I figure there must be some consilience here, since kinukitty’s main reason for not liking Clowes’ book -- that it’s neither real nor funny -- reminds me of Barth’s prefatory defense of his story:

Jacob Horner […] embodies my conviction that one may reach such a degree of self-estrangement as to feel no coherent antecedent for the first-person-singular pronoun. […] If the reader regards [this] egregious [condition] (as embodied by the [narrator]) as merely psychopathological -- that is, as symptomatic rather than emblematic -- the [novel] make[s] no moral-dramatic sense. [p. viii]

I realize that if one has to defend something as funny, it’s never going to make it so to those not laughing. This is particularly true of existentialist humor, since it’s kind of the obverse of prat falls, namely only funny when it happens to me. So I’m going to stick to the reality of Enid’s predicament. The End of the Road is a bit abstract, where Horner goes through a series of fanciful psychotherapeutic treatments in search of a cure (the search is, of course, at the insistence of a psychiatrist). The most relevant of these is mythotherapy, which involves acting in a chosen character role with the purpose of having it stick through habituation -- an irrational solution to a rational psychosis. Clowes treats the identity formation of teenagers in much the same way, but with a recognizant teen who, like Horner, can’t ignore the ontological arbitrariness undergirding the whole process. Just because teens regularly slip into an adult role without much of a hitch doesn’t mean that there’s not a good deal of truth in her depicted inertia.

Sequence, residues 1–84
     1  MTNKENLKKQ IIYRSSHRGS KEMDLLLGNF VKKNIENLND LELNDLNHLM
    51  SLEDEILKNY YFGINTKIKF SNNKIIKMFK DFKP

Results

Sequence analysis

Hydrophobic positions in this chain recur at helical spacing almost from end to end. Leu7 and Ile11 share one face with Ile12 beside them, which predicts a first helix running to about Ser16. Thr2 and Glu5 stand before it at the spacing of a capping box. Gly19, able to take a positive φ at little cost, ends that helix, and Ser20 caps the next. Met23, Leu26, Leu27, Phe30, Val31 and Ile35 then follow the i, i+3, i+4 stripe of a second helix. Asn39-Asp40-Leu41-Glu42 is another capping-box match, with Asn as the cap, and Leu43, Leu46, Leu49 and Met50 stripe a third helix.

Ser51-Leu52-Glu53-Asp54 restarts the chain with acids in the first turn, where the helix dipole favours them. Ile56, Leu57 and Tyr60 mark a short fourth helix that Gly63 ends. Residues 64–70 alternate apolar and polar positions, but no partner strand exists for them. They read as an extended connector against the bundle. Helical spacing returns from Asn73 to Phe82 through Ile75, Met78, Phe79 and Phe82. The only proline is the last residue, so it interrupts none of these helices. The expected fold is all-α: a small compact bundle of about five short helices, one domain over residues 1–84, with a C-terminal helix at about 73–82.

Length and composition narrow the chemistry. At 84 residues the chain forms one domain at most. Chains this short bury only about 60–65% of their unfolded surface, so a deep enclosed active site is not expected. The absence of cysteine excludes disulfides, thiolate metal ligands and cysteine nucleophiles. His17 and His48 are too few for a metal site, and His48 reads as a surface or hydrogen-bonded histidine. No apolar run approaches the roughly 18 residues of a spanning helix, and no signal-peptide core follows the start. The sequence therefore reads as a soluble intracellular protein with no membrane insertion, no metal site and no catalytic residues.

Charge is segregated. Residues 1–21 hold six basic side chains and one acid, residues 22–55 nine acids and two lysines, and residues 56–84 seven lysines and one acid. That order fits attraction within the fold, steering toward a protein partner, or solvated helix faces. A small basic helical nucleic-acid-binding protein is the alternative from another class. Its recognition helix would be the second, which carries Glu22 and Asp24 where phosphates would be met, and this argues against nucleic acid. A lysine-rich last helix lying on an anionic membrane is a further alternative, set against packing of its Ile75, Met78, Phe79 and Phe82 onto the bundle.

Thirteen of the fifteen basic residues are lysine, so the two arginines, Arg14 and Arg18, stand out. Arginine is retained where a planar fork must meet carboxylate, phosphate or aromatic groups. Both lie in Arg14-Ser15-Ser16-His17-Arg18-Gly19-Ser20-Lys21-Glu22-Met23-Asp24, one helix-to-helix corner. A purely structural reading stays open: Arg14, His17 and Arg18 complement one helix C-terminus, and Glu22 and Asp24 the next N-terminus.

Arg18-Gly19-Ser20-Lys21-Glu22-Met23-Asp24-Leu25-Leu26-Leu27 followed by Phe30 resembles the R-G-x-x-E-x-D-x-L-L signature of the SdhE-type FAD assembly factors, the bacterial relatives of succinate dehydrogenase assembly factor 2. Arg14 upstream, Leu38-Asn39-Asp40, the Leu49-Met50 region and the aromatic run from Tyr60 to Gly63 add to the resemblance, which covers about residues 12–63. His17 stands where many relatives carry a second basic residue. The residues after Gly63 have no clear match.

To be sure, this is a bourgeois dilemma, requiring enough leisure time to reflect on the construction of one’s identity. The working class has to learn their roles quickly if they want to endure. A day laborer in Horner’s place would simply starve. Class division is explicitly drawn out in Enid’s moribund friendship with Becky. Becky just assumes she’ll have to work after high school, whereas Enid’s dad is pressuring her into college. Enid’s intellectual background is alluded to when discussing her dad’s political interests, which she equates to sports. As she explains, since her family would be the “first ones they’d have shot” during a revolution, there’s little point to true political commitment. A choice between academia or the workforce isn’t any more significant. Becky relates to Enid’s views in much the same way that someone who desires the privileges money affords will act towards those who have always taken their wealth for granted. Becky may affect her friend’s class-based despondency, but she begins to be “cured” upon going to work. Meanwhile, Enid continues her search for an authentic self in the same manner that she began the book, analyzing pop culture: